This is not substantive investment research or a research recommendation, as it does not constitute substantive research or analysis. This material should be considered as general market commentary.
As a single measure, cutting management fees will not protect investment trusts from the passives onslaught. Investment trusts need to use the singular advantages that they have to compete effectively. Gearing, the ability to buy less-liquid investments or have more concentrated portfolios, smooth dividends are all things passive funds cannot do. However, ultimately investment trusts need to be significantly more “active”.
Investment trust boards are in a unique position to incentivise their managers to be so, and at the same time secure lower ongoing costs for investors. Set correctly, performance fee structures enable this, giving shareholders the best of both worlds: a low base management fee, and a performance fee that only rewards the manager if they add value. Being independent custodians of a closed-ended fund, boards can afford to take a long view, and go against the “populist” herd who decry performance fees. They and their advisors can structure rewards that attract and motivate the brightest minds and most talented managers. Where else are managers going to be offered a performance fee? Certainly not the open-ended fund world, which chiefly rewards asset-gatherers.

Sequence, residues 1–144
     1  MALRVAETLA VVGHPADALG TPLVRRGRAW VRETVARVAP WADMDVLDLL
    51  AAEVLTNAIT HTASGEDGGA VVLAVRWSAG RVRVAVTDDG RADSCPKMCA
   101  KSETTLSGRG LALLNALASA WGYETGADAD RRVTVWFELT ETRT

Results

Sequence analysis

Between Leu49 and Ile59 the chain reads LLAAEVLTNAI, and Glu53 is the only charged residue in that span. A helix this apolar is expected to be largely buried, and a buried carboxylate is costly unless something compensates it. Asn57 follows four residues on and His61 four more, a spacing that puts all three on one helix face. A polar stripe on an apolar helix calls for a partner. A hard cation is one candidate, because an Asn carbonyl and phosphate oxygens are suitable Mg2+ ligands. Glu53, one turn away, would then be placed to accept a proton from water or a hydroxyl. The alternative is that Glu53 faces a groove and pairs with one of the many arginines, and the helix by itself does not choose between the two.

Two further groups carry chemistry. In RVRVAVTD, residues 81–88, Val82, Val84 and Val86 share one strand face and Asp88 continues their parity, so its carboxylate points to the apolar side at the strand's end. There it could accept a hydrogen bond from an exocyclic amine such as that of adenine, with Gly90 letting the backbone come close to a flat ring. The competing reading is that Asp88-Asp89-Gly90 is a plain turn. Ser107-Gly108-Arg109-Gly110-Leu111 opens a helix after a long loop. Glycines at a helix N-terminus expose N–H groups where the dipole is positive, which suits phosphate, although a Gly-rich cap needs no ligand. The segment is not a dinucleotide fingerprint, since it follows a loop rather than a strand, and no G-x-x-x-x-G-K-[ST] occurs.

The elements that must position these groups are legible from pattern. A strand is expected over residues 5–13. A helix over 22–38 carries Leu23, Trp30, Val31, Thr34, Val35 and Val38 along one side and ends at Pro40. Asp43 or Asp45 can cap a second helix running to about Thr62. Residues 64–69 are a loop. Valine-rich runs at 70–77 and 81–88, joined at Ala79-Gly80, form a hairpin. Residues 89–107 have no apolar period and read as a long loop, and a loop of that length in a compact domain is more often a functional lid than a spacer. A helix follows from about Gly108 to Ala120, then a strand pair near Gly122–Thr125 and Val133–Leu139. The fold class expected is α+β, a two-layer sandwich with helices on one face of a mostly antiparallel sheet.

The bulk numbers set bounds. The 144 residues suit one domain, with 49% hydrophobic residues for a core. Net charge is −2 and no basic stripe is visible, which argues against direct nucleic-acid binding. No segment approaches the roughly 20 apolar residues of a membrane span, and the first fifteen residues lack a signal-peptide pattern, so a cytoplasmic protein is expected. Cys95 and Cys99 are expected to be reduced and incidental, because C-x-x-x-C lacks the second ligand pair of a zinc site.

Far from being the Achilles heel of the investment trust sector, we believe performance fees could be the root of its continued success. In our view, with the future bifurcating between those who are resolutely active or passive, there is very little ground for managers to occupy in-between. Recognising this fact, performance fees help rather than hinder the decision for an investor undecided between an active and passive strategy. Much depends on structuring fees correctly, but in such a scenario, for success in “active” management, the managers are paid for it. For no success, they don’t get paid.
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